One of the primary technological advances in medicine in the last quarter century is an improved ability to take clear pictures of bodily organs and processes. The medical images are obtained by using x-rays, radioactive substances, sound waves, or the body's natural magnetism. Radiologists and other physicians use these images in conjunction with other tests and information to diagnose a variety of diseases and conditions including heart disease and cancer.
The development of these imaging techniques has created a need for a wide variety of medical personnel to take the images, to ensure that high quality images are taken, and to work with patients in the imaging process. A small sample of these positions is described below, but students who are interested in careers in imaging are encouraged to investigate the multitude of careers in this area.
Radiologic technologists take x-rays (using radiation) and inject nonradioactive substances into patients' blood streams in order to produce films of parts of the human body for use in diagnosing medical problems. They prepare patients by explaining the procedures, ensure that the patient does not have any articles on the body that would impair the images, position patients for the images, take the images, and ensure that the images are of high quality.
In addition there are several specialty areas within radiologic technology such as magnetic resonance imaging (MRI) and computerized technology (CT). MRI Technologists use giant magnets, radio waves, and computers, rather than radiation, to create images. CT Technologists use an x-ray sensing device, which rotates around the body, and a computer to take cross-sectional pictures of the inside of the body.
Nuclear Medicine Technologists use radionuclides (unstable atoms that spontaneously emit radioactivity) to diagnose disease. Radionuclides are purified and compounded to form radiopharmaceuticals to help diagnose and to treat patients. Nuclear medicine technologists explain test procedures to patients, prepare a dosage of the radiopharmaceutical and administer it to the patient, position the patient and operate a gamma camera that takes pictures of the inside of the body, and process the images on a computer.
Diagnostic medical sonographers (also called ultrasonographers) use sound waves to produce images of the inside of the body. Many people are familiar with sonography as a technique to view the fetus in the womb, but it has many other applications as well. Sonographers explain test procedures to the patient, use equipment that directs nonionizing, high frequency sound waves into areas of the patient's body, and takes images of the inside of the body.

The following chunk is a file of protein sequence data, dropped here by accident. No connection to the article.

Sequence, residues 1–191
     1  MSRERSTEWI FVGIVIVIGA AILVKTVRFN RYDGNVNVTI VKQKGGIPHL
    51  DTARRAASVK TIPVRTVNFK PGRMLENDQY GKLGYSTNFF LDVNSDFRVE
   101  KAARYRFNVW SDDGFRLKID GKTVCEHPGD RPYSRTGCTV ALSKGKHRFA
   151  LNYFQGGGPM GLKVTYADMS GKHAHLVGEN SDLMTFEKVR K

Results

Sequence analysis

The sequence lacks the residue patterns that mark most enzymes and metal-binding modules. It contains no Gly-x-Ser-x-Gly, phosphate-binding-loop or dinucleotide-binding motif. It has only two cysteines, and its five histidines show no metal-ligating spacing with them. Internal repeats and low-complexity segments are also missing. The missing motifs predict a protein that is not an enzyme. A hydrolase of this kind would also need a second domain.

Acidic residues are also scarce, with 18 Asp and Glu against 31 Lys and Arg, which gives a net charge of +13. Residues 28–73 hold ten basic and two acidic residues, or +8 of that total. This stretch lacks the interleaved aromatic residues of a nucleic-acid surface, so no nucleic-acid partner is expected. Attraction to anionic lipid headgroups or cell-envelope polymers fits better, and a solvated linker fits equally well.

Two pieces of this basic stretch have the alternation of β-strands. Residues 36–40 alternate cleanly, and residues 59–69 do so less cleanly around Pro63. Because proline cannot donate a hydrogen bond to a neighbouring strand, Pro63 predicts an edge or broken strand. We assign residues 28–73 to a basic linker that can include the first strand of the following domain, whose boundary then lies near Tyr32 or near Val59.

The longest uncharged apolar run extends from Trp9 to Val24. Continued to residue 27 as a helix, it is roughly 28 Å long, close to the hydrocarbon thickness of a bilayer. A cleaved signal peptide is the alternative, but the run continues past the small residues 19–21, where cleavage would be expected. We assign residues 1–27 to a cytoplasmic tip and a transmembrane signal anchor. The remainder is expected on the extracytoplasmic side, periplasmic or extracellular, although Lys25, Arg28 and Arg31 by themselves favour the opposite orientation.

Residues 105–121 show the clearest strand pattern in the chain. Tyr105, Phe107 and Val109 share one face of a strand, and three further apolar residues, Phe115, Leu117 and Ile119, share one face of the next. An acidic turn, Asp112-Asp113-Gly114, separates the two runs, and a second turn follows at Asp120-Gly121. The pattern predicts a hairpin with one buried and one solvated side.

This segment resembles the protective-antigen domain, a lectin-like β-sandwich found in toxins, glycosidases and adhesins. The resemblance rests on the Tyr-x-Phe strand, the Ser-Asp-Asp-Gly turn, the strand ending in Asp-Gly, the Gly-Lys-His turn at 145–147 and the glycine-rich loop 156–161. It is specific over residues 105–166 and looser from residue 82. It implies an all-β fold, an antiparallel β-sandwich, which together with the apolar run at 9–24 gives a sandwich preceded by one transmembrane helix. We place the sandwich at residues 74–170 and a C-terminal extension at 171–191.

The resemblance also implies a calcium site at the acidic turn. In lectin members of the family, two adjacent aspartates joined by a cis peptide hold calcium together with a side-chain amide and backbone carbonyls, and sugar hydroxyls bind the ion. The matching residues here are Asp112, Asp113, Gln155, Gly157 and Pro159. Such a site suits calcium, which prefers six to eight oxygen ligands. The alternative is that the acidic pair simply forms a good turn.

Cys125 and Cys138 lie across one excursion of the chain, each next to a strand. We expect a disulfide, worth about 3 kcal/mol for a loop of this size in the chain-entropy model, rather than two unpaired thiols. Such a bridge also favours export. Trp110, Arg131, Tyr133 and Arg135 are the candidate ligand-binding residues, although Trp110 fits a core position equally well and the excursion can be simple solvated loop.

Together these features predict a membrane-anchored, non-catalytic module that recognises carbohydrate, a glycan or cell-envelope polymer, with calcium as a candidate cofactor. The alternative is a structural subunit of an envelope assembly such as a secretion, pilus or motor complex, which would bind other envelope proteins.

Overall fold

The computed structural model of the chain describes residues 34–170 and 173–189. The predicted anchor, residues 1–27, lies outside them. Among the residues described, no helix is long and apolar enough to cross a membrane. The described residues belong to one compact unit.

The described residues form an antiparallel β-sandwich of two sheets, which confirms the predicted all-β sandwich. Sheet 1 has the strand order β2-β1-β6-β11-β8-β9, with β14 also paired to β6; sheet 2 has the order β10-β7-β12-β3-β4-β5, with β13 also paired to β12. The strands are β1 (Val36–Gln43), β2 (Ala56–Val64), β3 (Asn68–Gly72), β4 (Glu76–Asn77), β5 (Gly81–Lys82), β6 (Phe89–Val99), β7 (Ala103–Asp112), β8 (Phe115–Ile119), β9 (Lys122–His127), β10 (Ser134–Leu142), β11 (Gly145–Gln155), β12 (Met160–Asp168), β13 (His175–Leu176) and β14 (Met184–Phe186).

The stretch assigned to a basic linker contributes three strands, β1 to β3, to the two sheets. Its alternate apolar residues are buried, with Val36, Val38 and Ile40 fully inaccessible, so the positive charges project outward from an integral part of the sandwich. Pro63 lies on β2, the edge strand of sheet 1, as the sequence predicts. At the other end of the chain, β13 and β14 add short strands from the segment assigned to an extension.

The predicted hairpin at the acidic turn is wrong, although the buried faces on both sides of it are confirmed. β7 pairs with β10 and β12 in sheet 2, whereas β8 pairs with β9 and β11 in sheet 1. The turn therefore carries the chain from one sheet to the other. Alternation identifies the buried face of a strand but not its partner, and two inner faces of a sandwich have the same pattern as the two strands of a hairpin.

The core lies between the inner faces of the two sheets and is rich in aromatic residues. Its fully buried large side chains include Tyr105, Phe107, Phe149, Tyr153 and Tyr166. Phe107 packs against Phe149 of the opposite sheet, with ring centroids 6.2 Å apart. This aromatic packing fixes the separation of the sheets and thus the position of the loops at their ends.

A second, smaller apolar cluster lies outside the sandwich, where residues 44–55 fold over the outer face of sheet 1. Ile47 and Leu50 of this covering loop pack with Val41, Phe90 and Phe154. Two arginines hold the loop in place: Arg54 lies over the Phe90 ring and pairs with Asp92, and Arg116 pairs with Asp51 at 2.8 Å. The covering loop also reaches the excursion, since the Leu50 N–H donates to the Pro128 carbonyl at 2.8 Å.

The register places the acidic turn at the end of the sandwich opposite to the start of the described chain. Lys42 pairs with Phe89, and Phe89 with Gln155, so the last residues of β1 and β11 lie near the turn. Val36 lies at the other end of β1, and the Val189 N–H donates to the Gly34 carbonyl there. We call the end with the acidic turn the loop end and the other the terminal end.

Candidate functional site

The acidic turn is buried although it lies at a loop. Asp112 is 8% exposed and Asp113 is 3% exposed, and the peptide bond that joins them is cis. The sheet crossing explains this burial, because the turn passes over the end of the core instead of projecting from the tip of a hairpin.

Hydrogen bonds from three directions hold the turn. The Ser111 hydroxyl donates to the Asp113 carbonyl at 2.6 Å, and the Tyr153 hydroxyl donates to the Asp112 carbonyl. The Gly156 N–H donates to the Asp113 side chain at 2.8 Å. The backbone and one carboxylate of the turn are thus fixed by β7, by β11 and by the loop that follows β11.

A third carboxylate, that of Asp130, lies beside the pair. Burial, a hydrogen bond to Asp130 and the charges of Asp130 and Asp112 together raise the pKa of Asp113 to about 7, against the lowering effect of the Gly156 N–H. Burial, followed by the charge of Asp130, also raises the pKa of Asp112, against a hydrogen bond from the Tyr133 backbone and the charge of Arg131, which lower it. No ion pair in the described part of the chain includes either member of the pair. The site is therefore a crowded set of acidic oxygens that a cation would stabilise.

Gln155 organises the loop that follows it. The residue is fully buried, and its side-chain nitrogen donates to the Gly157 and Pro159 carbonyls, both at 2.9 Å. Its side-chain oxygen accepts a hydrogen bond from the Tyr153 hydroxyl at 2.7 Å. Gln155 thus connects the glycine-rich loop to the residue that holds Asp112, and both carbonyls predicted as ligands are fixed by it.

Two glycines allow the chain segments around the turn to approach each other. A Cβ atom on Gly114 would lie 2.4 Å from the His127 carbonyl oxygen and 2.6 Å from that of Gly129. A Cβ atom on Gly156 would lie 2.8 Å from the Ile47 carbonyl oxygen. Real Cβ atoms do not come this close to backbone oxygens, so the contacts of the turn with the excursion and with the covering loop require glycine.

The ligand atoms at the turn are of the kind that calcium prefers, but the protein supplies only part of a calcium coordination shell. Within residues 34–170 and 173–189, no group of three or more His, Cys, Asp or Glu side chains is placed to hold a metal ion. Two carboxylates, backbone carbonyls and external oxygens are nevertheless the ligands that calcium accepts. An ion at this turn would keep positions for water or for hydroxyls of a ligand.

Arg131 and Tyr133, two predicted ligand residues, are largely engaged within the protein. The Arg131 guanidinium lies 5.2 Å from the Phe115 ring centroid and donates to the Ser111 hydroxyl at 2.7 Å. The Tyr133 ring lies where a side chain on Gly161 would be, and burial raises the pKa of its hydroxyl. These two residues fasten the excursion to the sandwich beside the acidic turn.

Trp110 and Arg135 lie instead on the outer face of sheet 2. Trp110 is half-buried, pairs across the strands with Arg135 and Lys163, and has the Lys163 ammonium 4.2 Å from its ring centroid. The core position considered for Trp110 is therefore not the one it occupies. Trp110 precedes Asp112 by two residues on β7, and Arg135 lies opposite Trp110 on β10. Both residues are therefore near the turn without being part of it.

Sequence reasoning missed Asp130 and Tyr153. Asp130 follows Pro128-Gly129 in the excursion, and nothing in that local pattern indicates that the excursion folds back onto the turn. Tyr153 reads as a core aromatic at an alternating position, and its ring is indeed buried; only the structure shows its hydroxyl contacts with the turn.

The Work Setting: About 1/2 of radiologic technologists and sonographers and about 2/3 of nuclear medicine technologists work in hospitals. Others work in medical clinics, physician offices, medical diagnostic laboratories, and diagnostic imaging centers. Some technologists later enter other health care fields such as software applications support, pharmaceutical sales, management, and education.
Entry Into Field: Many states require licensure for radiologic technology and nuclear medicine, but licensure requirements vary from state to state. No state currently requires licensure for sonography. Registration or certification is offered by the professional association in each field, and many employers will hire only a registered or certified technologist.
Education: Formal training in radiography ranges from 1 to 4 years in length and leads to a certificate, associate degree, or bachelor's degree. Two-year associate degree programs are most common. Educational requirements in nuclear medicine and sonography are similar. Most programs are available in hospitals, colleges, and universities. There are almost 600 radiography programs, almost 100 nuclear medicine programs, and more than 100 sonography programs in the United States.
Courses in radiography programs generally include physics, chemistry, biology, mathematics, anatomy and physiology, patient care procedures, principles of imaging, radiation safety, medical terminology, positioning of patients, medical ethics, radiobiology, and pathology. Nuclear medicine programs also require courses in radiopharmaceuticals and computer applications.
The Career: In 2004, the median salary for radiologic technologists was $43,000; for nuclear medicine technologists - $56,000; and for sonographers - $53,000.
Job Outlook: Employment of radiologic technologists, nuclear medicine technologists, and sonographers is expected to grow faster than the average for all occupations in the next 10 years.
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